The day was dark and grey, as any day in the month of Gipsha, when the humidity came heavy, and the gas lay thick on the banks of the horizon. Burble, only 80 Taipodian years old, was sent out to collect an evening’s harvest. Yet they stood stagnant within the tall swinging bushtails, gazing at the purple skies with a netted bag hanging off their shoulder; their thoughts travelled up and away from them, to the pink and yellow stars winking in strange delight.
Burble never understood the stasis of their body and the fluidity of their mind. Though raised to understand the risks and woes of wandering thoughts, Burble could not help seeing more than what was there, more than what they had. Burble reached out their hand, and attempted to grasp at the air, as if they could contain it, as if they could keep it in their net. Baabaa came out from her hut, a woven basket of dried fruit in her arms, called out to Burble and heard no reply. She called and cried out again, but there was only silence. Burble’s mind was burdened, but Baabaa didn’t understand what for, or why for, or where for. Wherever Burble was, Baabaa could never reach them until she grazed her four fingers along their skin, the friction of touch and temperature jolting them back to sometime real, some place tangible. In that moment Burble looked to Baabaa, their pupils flickering from black to blue, and announced in grounded silence,
“Baabaa, I am afraid.”
“What for, my bitty Burble?” Baabaa said, running her fingers up and down Burble’s arm. Her actions mimicked the sounds of the wind that would push at the tante trees, allowing their leaves to clap in applause for this song of the breeze.
“I cannot say, my mind escapes me. But my net is dry, and something cruel hides within it.”
“Nothing hides within your net, bitty Burble, you have yet to go out and collect the dol-se nuts.”
Burble looked down, and their mind widened in shock at their empty net. What was it that Burble thought they had caught? Why was it gone? Their hands pawed at the strings, unravelling it until the neat ties came loose and it could hold nothing no longer. They continued to dig, to search, to pull and pull at the meaningless knots, until all that remained was the limp twine that once held it in unity. Burble looked up in dismay and caught Baabaa’s sullen eyes. Burble realised they had done this before, and they would do it again until the end. But only in that moment could they see everything as it was and as it is and as it will be. Baabaa sighed and pulled the meaningless strings from Burble’s hands. An igneous fly buzzed by, performing a dance with a damaged fern, receiving a gift in return.
“Let’s get you inside, for the sun shall die in an hour’s time and we must wait for her to return.”
Inside the hut a small fire burned in the corner, casting subtle pink streaks of light across the floor, and Burble’s and Baabaa’s faces. Burble lay on a mat of curled cradle leaves, their legs tucked close to their body, tail between their legs, and their hands outstretched before them, their fingers still reaching for something. Baabaa sat down cross-legged at the edge of the hearth, weaving a new netted bag for tomorrow.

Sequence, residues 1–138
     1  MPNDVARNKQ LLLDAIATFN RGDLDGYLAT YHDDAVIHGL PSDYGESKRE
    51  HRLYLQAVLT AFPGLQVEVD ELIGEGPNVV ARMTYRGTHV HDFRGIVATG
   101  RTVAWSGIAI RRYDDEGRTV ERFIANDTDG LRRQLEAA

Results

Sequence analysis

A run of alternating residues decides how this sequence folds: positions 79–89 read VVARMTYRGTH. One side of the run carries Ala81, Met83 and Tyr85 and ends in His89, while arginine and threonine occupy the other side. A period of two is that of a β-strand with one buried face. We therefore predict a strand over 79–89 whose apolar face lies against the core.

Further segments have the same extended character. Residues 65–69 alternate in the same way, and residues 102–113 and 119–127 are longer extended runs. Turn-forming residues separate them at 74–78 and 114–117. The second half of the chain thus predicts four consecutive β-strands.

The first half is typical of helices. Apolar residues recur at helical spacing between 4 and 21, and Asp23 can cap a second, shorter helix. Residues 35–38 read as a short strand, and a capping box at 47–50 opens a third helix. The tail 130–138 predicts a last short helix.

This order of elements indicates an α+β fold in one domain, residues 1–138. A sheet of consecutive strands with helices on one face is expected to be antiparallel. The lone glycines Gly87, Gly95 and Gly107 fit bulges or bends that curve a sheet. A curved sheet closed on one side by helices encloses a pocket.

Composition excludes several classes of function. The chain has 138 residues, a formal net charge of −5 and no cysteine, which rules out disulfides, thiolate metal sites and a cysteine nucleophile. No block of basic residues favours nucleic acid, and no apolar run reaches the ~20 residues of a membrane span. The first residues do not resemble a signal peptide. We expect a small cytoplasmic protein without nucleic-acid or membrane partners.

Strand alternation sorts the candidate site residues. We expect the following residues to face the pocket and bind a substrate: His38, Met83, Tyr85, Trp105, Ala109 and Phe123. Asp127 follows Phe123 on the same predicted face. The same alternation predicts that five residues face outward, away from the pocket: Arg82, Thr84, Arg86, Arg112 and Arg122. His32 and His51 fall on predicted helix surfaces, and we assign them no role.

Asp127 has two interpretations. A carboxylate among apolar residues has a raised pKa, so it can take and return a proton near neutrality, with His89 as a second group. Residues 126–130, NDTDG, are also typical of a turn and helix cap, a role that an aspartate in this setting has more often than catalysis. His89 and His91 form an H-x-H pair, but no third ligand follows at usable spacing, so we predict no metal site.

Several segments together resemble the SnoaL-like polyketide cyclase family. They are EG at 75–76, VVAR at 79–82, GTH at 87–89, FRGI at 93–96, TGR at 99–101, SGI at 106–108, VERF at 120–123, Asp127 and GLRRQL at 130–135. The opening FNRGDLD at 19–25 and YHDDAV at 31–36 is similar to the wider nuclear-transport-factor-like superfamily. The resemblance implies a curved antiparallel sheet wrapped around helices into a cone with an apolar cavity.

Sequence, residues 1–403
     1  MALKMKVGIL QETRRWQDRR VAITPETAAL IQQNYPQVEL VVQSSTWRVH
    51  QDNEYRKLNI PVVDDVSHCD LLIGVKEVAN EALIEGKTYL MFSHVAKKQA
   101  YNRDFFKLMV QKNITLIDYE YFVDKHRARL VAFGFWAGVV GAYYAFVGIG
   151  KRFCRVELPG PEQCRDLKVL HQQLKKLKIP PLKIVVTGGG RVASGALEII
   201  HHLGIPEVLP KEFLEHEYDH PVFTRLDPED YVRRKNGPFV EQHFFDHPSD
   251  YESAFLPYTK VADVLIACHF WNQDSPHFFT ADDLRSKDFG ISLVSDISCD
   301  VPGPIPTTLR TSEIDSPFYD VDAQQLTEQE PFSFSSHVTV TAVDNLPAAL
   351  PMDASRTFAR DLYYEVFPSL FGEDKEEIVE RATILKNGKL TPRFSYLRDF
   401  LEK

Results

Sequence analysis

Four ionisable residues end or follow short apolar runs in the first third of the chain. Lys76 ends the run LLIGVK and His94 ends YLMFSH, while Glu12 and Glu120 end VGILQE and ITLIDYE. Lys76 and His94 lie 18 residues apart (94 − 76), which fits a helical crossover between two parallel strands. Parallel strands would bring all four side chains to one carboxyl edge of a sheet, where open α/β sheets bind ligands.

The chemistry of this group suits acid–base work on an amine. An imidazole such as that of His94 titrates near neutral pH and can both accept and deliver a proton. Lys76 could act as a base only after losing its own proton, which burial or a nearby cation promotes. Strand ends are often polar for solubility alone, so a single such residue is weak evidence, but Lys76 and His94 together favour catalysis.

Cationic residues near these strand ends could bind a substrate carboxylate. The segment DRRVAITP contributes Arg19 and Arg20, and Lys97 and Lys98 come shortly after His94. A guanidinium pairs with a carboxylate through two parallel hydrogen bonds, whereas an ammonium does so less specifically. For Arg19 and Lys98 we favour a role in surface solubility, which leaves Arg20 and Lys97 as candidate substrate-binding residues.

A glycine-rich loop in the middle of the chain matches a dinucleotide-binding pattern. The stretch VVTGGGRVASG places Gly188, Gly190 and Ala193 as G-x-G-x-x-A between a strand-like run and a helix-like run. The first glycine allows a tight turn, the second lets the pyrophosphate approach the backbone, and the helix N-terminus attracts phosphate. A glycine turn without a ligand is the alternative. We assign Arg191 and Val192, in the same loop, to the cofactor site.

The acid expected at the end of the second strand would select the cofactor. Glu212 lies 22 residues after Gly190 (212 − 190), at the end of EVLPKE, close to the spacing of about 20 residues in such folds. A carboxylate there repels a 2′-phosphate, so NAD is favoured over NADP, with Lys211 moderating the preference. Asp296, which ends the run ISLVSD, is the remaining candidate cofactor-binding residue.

On that particular night the clouds gave them rain, hailing heavily on the brittle roof. The noise smothered Baabaa’s worried cries, she was not sure if her child would ever come out of their own mind. Burble woke and finally saw Baabaa’s tears fall onto their new netted bag, a line dug its way deep within their brow and their eyes stayed confused.
“Baabaa, the bag will rot.” At Burble’s small words, Baabaa looked up.
“It will not Burble; you are seeing something not here.”
“But what if it rots as I’m picking the dol-se nuts, and I have nothing but my hands to contain them. You will grow angry at me, for I can only carry so much.”
“But it will not! For you have never picked a dol-se nut, and you will not!” Baabaa said, her voice was hoarse with a carnivorous sadness. She was in pain and was growing sicker and sicker each day from Burble’s mind.
The innocence in Burble’s voice stung Baabaa and she remained in that stasis for minutes or hours. She could not answer this simple question that she had asked herself many times. So instead, she smiled, and in that smile Burble saw the pink and yellow stars from the morning sky.
The next morning Burble stood again within the tall, swinging bushtails, and stared at the stars. A netted bag sat on their shoulder once more, as they stretched their arms out, hands grasping to collect the stars. Baabaa silently watched them from the hut and hobbled over, grazing their arm with her four fingers once more.
“Baabaa, I am afraid.” Burble uttered, and was met with silence, and the continued stroking of her fingers on their shoulder. “My net is dry, and something cruel hides within it.”
Baabaa gave no reply.
Burble looked to Baabaa, who remained face down, and silent. They gazed at their bag, and began to unravel their mother’s weaving.
At each knot a tooth fell out, polished until they shone with the colours of pink and gold. Burble screamed, their face twisted in confusion, stuck between delight and disgust. At the unravelling of the bag there were twenty teeth within Burble’s hand. They looked to Baabaa, who faced them now, smiling a big empty smile. They looked to the purple sky to see that the pink and yellow stars were gone.
Sehaliah Plume Du Ressac @swe3etfuzz (they/them) is a Wakka Wakka Aboriginal Australian who grew up in Bundjalung country and has been studying creative writing on Wurundjeri land for 3 years.
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